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For bassist Colley's Architect of the Silent Moment, a conceptual construct (more poetically, a fantasia) for small ensemble, the oft-quoted dictum has rarely seemed more apposite: "Less is more. Colley starts with a core quartet of Ralph Alessi (trumpet), Craig Taborn (keyboards) and Antonio Sanchez (drums), and guests emerge and disappear throughout the subtle, largely written, 54-minute work. Dave Binney's alto fleshes out dodge-and-weave frontlines that recall Shorter/Davis, and wails his lone caterwaul on "From Within. Mouth-harpist Gregoire Maret limns unisons with Binney and/or Alessi at times, and hits a sweet spot on the evocatively titled "Strip Mall Ballet.
Surprising ensemble turns bookend the album and pop up as curious diversions to break up the genial yet ingenious soundscape (two three-minute tracks of gritty free-blow by Alessi and guest pianist Jason Moran precede a Rhodes 'n' piano pedal fade). The title track recalls one of those wistful, angular energy spins of Kenny Wheeler; here Colley gives us his only solo that soon duos with Moran; the ensemble re-peaks and gives way to Maret in a rebuild of majestic heraldry atop Sanchez' crafty underpinnings.
Initial regret for a perceived lack of solos soon gives way to enjoyment exploring cumulative and unrepeated group textures. Towards the end, the band wittily conjures the late Andrew Hill in a quietly understated but all-hands-on-deck "Smoke Stack.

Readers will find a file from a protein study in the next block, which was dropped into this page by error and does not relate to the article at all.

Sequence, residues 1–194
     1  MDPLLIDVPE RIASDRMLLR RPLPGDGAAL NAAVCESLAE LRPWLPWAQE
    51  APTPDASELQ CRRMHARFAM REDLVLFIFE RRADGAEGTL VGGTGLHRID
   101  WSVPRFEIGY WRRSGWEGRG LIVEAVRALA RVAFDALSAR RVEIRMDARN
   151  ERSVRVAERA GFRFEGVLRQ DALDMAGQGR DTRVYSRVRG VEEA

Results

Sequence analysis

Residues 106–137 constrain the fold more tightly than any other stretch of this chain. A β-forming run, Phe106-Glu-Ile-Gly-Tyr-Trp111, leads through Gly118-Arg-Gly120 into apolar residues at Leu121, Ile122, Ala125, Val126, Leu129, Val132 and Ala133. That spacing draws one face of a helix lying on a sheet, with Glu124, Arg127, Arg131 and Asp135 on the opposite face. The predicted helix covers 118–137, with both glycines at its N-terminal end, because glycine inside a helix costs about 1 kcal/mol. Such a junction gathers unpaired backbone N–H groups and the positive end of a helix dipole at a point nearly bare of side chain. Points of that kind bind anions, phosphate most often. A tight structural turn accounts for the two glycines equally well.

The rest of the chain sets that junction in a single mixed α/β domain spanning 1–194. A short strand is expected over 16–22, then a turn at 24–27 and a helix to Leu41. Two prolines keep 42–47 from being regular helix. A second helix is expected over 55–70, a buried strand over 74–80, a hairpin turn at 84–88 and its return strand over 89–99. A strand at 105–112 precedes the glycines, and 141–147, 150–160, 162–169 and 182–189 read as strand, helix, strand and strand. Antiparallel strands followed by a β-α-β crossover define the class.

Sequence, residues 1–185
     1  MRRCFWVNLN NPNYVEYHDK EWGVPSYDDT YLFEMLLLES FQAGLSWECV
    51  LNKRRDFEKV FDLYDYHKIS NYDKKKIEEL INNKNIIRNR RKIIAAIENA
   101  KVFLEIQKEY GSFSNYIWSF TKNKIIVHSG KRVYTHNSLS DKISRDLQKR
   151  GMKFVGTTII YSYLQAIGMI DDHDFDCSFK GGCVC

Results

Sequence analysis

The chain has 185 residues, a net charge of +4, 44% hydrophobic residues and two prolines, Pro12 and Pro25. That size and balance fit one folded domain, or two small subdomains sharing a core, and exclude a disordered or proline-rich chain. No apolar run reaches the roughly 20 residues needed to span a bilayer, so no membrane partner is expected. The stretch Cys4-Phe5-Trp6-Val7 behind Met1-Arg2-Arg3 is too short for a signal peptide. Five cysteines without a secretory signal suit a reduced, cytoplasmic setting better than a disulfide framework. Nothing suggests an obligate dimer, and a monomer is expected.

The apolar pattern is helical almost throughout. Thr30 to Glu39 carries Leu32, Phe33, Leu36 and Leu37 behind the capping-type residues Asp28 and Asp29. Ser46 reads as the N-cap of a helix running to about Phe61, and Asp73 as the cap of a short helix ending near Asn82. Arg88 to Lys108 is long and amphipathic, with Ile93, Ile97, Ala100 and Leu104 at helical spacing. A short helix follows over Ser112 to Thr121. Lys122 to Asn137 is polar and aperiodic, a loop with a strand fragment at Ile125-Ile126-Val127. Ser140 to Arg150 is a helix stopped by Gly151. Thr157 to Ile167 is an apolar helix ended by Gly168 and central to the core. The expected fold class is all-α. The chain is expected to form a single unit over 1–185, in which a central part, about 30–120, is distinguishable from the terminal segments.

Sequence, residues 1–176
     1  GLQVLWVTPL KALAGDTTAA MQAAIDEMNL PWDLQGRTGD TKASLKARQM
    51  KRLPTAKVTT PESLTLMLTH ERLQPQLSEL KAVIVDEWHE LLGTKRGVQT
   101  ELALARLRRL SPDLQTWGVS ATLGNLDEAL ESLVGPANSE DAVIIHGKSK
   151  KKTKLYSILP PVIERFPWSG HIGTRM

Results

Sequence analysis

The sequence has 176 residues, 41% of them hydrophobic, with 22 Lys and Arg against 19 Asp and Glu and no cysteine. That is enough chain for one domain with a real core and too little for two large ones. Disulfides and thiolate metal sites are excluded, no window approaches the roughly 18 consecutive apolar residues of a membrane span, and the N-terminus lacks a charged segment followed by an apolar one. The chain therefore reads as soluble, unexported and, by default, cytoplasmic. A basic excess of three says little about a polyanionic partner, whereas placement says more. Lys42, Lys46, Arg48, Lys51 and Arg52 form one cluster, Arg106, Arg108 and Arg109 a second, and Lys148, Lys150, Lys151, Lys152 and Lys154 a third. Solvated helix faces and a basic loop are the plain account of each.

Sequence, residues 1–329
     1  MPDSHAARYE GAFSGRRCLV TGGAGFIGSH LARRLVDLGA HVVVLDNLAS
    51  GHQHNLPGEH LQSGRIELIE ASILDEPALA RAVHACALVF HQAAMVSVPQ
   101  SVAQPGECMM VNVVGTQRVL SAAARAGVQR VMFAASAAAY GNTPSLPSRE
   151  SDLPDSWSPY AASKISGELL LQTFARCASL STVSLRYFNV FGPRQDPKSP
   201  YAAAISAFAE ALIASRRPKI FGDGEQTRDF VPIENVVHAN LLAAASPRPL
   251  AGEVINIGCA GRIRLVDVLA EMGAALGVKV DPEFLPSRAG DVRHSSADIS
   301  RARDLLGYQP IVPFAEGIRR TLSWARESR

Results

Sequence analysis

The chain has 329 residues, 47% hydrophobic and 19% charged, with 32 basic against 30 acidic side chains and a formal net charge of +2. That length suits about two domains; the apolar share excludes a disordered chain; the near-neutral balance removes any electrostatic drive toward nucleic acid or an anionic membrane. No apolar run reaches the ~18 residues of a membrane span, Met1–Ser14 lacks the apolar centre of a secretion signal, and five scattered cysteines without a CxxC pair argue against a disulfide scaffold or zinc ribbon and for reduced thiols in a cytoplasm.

Track Listing: Usual Illusion; Strip Mall Ballet; El Otro; Architect of the Silent Moment; Masoosong; Feign Tonal; From Within; Smoke Stack; Window of Time.
Personnel: Scott Colley: bass; Ralph Alessi: trumpet; Craig Tayborn: keyboards; Antonio Sanchez: drums; Dave Binney: saxophone; Jason Moran: piano; Gregoire Maret: harmonica; Adam Rogers: guitar.
I was first exposed to jazz when I was studying at the University of Puerto Rico. Nearby, I found a little record shop where the music coming from the store (Taller de Jazz Don Pedro) made me stop. I walked down the short stairs and towards the music and learned that the music playing was Clifford Brown and Max Roach
I was first exposed to jazz when I was studying at the University of Puerto Rico. Nearby, I found a little record shop where the music coming from the store (Taller de Jazz Don Pedro) made me stop. I walked down the short stairs and towards the music and learned that the music playing was Clifford Brown and Max Roach. I fell in love with it. I wondered around until the owner (Pedro Soto) asked if I needed help. He then introduced me to John Coltrane, Miles Davis, Gerry Mulligan and the rest is history. I walked out of the store with my first jazz recording: Clifford Brown and Max Roach at Basin Street.